Resolutions: What to Give Yourself for Success
Here we are two weeks into the New Year – no-fooling, jumped-in-with-both-feet, no-turning-back, 2011.Â Which means you’ve likely broken your resolution by now. You could get morose and throw in the towel, but that’s useless and makes you grumpy to be around besides. So is there a better way?
A couple ofÂ Psychology Today articles – “The If-Then Solution” byÂ Heidi Grant Halvorson and “Wanna Piece of Chocolate?” by Christine L. Carter – give me hope.
If you’re an old-school nerd, you thought of BASIC when you heard “if-then”, and it’s the same thing. You tell a computer exactly what to do if it’s confronted with a precise setting, and that’s what you need to do with yourself to be two to three times more successful with your resolution.
The top resolutions are: spend time with loved ones, eat healthier, exercise more, quit smoking or drinking, get out of debt, or get organized.Â But blanket statements like “I’m never again going to drink/smoke/charge/eat junk” or “Every day I’m going to work out/catch up with my loved ones/clear off my desk/make my bed” are not only overwhelming, they don’t stick in your memory. Ineffective AND de-motivational!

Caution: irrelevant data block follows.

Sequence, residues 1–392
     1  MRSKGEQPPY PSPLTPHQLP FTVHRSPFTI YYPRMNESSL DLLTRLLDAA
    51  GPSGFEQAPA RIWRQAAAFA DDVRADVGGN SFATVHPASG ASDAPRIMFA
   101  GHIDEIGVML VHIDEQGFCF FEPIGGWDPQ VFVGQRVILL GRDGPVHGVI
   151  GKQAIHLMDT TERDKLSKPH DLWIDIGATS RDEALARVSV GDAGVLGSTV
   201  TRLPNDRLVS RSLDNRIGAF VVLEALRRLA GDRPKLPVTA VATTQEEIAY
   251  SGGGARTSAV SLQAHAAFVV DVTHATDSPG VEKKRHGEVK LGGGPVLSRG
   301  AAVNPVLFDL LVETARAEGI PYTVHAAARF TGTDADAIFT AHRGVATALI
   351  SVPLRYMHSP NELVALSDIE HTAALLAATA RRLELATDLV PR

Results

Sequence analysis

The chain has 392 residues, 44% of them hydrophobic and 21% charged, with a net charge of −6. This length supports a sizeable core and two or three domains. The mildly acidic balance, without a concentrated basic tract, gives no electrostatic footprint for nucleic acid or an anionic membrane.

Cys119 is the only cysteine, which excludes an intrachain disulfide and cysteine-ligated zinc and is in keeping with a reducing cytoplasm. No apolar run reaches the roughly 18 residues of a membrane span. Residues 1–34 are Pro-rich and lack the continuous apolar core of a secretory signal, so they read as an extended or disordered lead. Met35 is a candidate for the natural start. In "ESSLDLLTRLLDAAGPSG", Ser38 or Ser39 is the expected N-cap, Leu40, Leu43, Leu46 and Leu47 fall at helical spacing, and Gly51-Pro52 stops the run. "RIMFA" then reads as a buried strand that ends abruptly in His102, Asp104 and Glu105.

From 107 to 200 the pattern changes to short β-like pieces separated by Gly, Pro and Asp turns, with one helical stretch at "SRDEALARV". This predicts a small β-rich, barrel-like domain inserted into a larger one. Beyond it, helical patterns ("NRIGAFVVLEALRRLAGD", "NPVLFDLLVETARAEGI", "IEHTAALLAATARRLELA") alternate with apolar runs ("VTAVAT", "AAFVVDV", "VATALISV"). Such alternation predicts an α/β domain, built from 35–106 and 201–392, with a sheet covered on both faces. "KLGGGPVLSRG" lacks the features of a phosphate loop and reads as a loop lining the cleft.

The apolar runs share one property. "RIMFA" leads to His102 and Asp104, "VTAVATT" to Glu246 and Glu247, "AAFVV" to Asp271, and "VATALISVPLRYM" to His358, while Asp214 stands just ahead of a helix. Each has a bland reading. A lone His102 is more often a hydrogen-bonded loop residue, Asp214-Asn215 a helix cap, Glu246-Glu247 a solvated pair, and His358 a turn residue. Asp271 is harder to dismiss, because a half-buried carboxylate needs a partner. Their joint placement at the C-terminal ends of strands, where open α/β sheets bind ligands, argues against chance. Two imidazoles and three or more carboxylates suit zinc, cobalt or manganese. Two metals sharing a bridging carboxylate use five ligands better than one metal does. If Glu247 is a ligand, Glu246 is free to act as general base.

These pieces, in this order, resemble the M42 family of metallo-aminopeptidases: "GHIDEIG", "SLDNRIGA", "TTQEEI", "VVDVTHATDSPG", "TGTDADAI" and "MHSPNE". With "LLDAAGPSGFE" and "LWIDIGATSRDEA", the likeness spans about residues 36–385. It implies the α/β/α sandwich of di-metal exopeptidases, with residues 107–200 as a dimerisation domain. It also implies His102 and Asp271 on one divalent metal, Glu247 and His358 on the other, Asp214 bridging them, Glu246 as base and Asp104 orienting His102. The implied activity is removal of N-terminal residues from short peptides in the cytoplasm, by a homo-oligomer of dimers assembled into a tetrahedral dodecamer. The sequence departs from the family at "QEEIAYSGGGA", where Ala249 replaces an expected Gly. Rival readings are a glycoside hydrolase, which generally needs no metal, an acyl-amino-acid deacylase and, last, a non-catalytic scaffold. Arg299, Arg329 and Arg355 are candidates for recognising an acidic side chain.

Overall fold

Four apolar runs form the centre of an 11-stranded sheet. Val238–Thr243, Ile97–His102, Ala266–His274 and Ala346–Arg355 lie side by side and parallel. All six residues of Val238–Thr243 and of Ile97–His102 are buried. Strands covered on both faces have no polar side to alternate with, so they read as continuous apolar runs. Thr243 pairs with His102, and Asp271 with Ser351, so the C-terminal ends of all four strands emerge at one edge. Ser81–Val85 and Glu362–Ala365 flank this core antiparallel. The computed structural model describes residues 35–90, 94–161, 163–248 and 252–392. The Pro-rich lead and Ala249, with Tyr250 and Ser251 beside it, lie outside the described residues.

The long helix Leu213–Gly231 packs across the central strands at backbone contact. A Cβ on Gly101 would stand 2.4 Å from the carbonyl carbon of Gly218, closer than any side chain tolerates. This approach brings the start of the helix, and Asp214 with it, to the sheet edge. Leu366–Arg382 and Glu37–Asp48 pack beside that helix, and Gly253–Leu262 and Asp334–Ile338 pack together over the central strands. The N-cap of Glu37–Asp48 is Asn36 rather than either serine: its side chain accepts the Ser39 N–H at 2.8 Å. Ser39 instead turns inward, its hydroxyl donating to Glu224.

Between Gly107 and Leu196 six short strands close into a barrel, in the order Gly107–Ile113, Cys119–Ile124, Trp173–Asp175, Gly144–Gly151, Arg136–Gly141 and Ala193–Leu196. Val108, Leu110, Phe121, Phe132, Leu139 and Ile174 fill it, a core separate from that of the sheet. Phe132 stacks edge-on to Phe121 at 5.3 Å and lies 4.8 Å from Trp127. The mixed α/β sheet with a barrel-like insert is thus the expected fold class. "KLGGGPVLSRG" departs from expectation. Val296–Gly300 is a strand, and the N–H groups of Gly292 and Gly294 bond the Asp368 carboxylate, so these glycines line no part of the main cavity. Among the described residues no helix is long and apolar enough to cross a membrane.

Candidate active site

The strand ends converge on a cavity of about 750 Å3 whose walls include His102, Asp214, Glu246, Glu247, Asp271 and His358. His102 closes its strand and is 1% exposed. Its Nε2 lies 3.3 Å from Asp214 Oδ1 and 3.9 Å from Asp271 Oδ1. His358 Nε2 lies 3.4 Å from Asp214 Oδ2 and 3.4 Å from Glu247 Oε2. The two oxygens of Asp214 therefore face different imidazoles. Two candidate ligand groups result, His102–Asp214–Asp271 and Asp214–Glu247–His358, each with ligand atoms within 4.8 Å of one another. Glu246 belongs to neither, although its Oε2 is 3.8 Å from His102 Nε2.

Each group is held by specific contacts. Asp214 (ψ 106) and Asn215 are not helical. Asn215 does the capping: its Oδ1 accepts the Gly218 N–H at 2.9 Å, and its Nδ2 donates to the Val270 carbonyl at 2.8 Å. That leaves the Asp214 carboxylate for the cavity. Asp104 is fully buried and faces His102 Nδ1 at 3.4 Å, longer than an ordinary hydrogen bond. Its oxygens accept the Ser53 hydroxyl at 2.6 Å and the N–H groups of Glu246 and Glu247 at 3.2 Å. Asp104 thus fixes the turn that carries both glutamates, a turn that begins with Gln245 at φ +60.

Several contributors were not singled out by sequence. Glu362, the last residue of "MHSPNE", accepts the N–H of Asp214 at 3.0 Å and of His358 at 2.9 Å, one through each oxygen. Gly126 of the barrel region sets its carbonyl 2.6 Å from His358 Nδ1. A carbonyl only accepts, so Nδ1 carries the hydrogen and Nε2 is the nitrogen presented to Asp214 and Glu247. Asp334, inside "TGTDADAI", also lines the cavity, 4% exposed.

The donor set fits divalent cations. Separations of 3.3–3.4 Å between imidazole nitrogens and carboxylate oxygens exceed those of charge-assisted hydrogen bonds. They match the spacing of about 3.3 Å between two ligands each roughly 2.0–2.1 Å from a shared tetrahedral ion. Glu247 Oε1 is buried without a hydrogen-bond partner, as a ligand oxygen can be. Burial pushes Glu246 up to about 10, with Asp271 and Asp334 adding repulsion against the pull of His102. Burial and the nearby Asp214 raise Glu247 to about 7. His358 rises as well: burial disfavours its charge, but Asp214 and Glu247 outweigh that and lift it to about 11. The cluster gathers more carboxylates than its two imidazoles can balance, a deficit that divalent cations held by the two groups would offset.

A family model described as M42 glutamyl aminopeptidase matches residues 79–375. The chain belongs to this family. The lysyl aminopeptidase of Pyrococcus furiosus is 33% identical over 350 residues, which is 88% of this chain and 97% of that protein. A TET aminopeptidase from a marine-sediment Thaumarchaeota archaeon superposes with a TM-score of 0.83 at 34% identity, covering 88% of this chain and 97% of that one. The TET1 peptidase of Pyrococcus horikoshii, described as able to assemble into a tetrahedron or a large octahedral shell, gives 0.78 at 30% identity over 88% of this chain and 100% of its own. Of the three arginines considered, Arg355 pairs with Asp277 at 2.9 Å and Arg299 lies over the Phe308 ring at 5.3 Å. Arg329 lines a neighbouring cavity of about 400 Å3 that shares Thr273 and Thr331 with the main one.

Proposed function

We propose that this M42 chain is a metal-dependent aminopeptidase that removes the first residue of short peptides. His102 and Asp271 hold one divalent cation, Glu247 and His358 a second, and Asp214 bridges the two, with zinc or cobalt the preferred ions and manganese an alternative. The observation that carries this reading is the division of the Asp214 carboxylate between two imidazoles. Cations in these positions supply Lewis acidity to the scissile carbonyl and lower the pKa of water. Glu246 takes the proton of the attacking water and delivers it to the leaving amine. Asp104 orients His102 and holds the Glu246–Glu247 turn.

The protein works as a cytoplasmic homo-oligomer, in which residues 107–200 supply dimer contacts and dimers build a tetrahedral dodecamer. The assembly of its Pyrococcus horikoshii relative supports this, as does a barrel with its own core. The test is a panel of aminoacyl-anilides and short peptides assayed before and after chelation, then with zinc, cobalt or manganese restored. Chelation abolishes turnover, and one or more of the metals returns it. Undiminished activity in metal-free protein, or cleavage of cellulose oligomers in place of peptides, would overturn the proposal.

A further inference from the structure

Instead, plan exactly what you’ll do in a likely situation. WhenÂ this happens, I’ll do this. After dinner I’ll have a cup of tea instead of a cigarette (dessert) (drink). When my alarm goes off I’ll do 50 sit-ups. If I’m in in this situation, I’ll act in this new way instead of the old way. It’s manageable, it’s practical, and it works: it gives you a concrete plan that neurologically locks in your brain.
Then, stop rewarding yourself when you do do it right. Counter-intuitive, right? – but it makes sense. When you appreciate an activity for itself, you’ll like it more than if you only do it to get a reward. If at the gym you pay attention to people-watching, appreciating your health, and how nice it feels to be pleasantly exhausted, you’ll enjoy it more than if you spend a mindless hour counting seconds till the chai you’ll get afterward.
So whatever you’ve resolved, even if it’s not shaking out so well in these first weeks, let’s keep going – giving ourselves plans, not bribes.